I appreciate that coming up with a fitting name for a perfume must be almost as difficult as creating the juice itself. Whether we like it or not, a fragrance's monicker becomes an integral part of its identity, a hook upon which the collective consciousness hangs its responses - positive or otherwise - to the perfumer's creative efforts. What was it William once said? A rose by any other name would smell as sweet. It sounds convincing, but I'm not sure it's true. Would Poison have sparked the same emotions if it had been called Tuberose Bomb? Would Angel have been a hit if Mugler had plumped for Funfair? I think not, somehow. Labels do matter. Shalimar. Ambre Sultan. CK One. These are classic names that now seem inseparable from their respective perfumes.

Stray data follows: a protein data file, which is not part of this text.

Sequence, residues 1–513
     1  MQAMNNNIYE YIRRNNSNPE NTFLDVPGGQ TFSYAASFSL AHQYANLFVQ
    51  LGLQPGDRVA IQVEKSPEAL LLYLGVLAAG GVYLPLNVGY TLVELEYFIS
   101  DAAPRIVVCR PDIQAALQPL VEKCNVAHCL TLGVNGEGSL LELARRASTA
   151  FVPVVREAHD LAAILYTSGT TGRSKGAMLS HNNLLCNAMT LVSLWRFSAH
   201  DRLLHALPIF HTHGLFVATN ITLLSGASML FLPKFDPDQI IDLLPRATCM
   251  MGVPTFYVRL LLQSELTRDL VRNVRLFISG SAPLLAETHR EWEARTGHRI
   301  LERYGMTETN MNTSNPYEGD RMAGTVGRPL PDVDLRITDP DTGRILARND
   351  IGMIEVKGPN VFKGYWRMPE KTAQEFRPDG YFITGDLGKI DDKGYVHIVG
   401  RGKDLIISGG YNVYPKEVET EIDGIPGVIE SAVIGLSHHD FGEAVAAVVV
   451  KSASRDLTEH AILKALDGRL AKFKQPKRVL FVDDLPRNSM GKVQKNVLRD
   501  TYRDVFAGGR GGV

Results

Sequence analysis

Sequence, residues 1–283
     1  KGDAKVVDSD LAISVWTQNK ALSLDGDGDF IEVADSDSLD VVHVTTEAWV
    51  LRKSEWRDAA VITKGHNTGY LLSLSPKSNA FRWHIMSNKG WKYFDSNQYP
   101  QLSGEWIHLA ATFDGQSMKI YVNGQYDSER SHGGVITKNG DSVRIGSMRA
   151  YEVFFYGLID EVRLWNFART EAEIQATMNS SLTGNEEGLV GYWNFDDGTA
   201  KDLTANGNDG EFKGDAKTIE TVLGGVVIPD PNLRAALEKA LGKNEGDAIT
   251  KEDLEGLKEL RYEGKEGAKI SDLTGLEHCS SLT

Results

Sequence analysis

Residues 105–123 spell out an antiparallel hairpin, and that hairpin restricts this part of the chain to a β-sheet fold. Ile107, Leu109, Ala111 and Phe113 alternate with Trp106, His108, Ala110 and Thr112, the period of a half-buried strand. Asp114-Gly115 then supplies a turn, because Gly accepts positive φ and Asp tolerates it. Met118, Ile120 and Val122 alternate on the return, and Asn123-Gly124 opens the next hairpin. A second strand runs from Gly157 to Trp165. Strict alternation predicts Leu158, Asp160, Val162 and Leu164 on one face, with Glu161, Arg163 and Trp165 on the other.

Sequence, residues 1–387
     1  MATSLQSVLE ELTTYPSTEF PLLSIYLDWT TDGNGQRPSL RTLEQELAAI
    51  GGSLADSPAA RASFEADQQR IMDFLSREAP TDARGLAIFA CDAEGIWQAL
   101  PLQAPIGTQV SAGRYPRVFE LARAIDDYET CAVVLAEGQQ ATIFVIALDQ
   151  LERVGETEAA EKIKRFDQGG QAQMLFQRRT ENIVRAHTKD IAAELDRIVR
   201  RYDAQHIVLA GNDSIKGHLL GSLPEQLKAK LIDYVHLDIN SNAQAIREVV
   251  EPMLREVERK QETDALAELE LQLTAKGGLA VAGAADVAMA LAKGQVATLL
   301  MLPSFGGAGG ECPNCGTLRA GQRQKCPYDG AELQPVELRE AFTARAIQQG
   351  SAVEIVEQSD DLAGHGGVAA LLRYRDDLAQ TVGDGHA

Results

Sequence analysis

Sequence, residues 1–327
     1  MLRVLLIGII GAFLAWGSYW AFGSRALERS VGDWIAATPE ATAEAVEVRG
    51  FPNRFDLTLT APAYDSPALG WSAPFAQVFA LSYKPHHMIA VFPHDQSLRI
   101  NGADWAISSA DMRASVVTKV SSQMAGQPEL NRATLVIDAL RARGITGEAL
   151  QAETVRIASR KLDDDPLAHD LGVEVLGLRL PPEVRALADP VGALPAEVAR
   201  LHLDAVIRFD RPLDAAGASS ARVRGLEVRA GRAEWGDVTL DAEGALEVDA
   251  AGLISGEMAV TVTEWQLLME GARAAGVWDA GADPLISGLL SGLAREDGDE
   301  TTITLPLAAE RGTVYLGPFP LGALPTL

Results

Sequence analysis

But some names aren't quite so successful, are they? In fact, some of them feel as though they were cobbled together by a clueless marketing department utterly devoid of any creativity or style. And today - with no small measure of facetiousness - I would like to present my personal list of the ten words that should no longer be permitted in perfume names. You will immediately notice that all of the words below already exist in several highly-regarded scents. That's fine. They can stay as they are. But from this point onwards, I really think we could do without the following:
I would, of course, love to receive further nominations from you. There are no prizes to be won, but the most appropriate and/or imaginative entries will be awarded several nods and chuckles.